This paper studies the balance constraint (debit=credit) in bookkeeping, its causes and its consequences for accounting. Balance in the ledger is shown to: 1) imply balance in journal entries and vice versa; 2) link the value definitions in the earnings statement and balance sheet; 3) have direct implications for valuation puzzles encountered in accounting, like accounting for OCI or stock-based compensation, and the difference between earnings or balance-sheet approaches to valuation. These system-wide effects on accounting highlight a design question: why do we have the balance constraint in bookkeeping? Backward-engineering shows 6 axioms that logically lead to double-entry bookkeeping. The balance constraint follows from the existence of a residual account: owner’s equity. A class of equivalently powerful record keeping systems is shown to exist. These systems use double-entry bookkeeping without the monetary-unit assumption and can be used to record other outputs of the organization, like societal impact. These systems can be implemented in relational databases, a blockchain, or a different technology all together. The discussion covers links with other mathematical descriptions of bookkeeping and potential avenues for future research in the mathematics of bookkeeping.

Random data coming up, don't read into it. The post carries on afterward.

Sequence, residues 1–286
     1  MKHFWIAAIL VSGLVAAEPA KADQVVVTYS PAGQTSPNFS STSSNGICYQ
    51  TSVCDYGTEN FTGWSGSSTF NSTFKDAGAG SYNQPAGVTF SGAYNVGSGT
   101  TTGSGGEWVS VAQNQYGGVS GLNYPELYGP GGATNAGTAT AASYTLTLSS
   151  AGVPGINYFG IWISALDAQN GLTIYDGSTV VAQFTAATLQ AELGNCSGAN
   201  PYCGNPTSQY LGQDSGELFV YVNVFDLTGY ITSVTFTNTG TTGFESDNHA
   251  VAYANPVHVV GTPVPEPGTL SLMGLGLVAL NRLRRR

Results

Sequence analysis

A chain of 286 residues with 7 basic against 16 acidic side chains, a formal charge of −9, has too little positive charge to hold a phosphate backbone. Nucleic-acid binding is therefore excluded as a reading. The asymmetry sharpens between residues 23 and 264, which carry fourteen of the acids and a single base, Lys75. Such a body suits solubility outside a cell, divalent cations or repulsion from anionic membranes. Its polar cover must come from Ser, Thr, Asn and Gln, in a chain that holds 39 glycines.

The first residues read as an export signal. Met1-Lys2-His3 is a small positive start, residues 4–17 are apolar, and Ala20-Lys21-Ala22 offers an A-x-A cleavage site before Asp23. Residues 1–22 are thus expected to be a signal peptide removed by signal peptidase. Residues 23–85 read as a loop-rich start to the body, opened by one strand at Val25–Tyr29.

Axioms for bookkeeping, duality, bookkeeping system design, mathematics, of record keeping.
hdl.handle.net/1765/127710
ERIM Report Series Research in Management
ERIM report series research in management Erasmus Research Institute of Management
Erasmus School of Economics

Renes, S. (2020). When Debit=Credit. The balance constraint in bookkeeping, its causes and consequences for accounting (No. ERS-2020-005-FA). ERIM report series research in management Erasmus Research Institute of Management. Retrieved from http://hdl.handle.net/1765/127710